Background: Approximately 88% of the lung cancer deaths in men and 71% in women occurring in the US are attributable to cigarette smoking, with almost 3,700 annual lung cancer deaths in Massachusetts. In the state, male lung cancer death rates are showing a per year annual decline following a peak in the early 1990s. Such recent declines could be mostly attributed to tobacco control efforts over the past 40 years.
Method: This study predicts how many fewer lung cancer deaths have occurred in Massachusetts possibly attributable to tobacco control activities. The study employs the US National Cancer Institute's "Joinpoint" Regression Analysis Program (version 3.0) using statewide age-standardized (2000 US Standard Population) lung cancer death rates from 1931 to 2003 for each of the sexes. 95% confidence intervals (CI) were also calculated.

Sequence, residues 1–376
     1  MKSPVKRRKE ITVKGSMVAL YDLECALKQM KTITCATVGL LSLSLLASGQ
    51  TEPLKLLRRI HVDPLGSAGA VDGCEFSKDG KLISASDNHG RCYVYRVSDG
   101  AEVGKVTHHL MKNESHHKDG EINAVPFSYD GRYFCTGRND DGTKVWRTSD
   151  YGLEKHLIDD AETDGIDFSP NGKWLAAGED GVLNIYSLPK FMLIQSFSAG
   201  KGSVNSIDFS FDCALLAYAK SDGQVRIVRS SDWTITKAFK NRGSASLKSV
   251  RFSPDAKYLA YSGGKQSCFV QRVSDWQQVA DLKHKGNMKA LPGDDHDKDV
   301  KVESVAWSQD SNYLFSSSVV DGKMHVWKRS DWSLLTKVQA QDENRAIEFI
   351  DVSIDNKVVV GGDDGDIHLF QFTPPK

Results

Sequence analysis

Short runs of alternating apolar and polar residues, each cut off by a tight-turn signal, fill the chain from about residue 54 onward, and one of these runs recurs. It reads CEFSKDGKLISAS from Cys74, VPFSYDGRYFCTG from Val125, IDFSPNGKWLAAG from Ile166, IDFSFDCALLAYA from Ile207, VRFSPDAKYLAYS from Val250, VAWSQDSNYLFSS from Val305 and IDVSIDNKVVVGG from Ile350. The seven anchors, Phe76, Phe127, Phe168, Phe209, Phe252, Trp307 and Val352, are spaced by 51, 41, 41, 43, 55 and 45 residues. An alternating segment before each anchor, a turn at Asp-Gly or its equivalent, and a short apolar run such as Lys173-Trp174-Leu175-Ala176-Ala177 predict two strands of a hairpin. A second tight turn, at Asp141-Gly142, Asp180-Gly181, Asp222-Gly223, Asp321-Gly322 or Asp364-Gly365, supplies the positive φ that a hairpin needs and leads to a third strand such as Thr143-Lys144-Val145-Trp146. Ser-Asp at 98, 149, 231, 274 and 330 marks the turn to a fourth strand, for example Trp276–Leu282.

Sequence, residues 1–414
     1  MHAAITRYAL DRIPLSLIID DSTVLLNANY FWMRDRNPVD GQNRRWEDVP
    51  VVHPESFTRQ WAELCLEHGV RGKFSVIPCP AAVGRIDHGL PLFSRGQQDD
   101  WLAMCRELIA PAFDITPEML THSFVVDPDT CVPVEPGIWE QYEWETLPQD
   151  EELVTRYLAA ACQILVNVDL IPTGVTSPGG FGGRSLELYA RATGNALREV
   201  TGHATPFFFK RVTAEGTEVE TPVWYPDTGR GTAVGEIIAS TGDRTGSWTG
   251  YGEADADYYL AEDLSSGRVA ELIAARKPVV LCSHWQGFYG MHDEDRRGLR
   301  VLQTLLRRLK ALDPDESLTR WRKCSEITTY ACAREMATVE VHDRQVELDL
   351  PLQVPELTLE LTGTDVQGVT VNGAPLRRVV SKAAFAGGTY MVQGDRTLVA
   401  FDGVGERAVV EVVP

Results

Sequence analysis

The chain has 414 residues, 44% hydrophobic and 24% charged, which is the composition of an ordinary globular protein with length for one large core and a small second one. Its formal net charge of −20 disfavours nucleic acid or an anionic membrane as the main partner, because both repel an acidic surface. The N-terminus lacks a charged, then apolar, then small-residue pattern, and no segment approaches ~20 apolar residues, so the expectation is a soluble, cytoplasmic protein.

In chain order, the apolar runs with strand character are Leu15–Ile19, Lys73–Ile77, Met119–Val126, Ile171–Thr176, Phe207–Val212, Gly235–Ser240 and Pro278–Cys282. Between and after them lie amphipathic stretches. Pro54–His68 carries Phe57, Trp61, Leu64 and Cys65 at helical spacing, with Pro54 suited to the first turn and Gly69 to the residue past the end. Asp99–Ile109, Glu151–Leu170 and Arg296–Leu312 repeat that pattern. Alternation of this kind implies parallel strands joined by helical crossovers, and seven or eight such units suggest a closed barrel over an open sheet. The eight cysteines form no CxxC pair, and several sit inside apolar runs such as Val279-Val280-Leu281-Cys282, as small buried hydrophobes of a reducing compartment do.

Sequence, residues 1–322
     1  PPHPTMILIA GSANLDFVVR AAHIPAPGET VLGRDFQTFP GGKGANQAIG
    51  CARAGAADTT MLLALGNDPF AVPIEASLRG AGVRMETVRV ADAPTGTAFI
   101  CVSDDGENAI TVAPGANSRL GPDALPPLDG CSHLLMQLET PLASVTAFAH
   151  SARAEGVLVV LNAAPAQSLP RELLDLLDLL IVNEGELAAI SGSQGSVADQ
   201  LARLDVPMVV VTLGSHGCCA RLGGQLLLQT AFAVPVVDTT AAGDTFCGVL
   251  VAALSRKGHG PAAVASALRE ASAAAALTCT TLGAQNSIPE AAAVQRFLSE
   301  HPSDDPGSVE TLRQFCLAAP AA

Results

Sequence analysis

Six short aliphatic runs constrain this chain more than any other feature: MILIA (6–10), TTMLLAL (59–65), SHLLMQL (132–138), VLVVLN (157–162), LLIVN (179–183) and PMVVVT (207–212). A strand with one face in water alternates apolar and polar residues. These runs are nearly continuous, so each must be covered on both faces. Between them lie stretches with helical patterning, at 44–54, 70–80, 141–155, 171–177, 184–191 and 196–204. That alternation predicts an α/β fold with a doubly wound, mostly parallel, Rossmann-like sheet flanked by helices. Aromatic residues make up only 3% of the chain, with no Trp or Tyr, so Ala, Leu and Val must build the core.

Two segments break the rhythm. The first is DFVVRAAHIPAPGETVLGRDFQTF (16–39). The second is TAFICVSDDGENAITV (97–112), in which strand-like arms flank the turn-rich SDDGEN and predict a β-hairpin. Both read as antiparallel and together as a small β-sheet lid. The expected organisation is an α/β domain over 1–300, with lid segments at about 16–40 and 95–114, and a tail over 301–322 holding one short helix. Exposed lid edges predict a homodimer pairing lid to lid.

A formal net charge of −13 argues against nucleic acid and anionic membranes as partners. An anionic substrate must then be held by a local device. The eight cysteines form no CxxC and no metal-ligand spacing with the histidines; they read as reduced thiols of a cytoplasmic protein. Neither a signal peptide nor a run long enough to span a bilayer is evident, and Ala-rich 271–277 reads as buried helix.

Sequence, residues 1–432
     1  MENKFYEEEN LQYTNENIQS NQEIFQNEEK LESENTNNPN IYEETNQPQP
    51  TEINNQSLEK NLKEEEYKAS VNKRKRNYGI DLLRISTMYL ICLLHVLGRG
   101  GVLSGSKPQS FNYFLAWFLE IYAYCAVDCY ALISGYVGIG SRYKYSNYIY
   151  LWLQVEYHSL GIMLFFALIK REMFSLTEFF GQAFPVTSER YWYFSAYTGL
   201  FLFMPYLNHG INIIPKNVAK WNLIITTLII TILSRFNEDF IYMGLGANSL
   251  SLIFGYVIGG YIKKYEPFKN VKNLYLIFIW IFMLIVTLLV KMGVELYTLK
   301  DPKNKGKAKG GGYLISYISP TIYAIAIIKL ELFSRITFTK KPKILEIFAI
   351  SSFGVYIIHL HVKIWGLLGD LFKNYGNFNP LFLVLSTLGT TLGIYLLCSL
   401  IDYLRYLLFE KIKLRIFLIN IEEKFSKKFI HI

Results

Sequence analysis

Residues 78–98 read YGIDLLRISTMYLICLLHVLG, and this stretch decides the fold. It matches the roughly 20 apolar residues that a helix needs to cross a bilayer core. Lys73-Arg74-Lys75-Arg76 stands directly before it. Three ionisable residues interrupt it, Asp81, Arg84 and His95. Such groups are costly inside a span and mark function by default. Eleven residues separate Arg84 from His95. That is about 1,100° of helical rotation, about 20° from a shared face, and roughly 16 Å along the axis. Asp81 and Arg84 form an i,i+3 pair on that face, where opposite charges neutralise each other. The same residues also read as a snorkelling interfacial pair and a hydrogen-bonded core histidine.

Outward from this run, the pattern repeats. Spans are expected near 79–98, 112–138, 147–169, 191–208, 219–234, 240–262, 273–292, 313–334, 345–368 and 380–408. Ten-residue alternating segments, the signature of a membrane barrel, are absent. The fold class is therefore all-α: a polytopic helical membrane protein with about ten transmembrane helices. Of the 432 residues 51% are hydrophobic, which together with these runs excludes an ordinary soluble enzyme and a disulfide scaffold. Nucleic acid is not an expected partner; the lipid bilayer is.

Results: Modeled male lung cancer death rates stabilized from the calendar year 1977 onwards but showed significant decline from 1992 onwards, while females showed a deceleration in rising lung cancer rates from 1993 onwards. Therefore, based on their corresponding beta-coefficients (slope) and standard error for each of the two calendar years 19,665 (95% CI: 18,655; 20,765) fewer lung cancer deaths in males and 3,855 (95% CI: 3,630; 4,055) fewer lung cancer deaths in females were estimated to have occurred from 1977 to 1993 onwards, respectively, largely because of the anti-smoking interventions in the past.
Conclusions: Reductions in tobacco smoking are a major factor in the decrease in lung cancer mortality rates. Sustained progress in tobacco control is essential.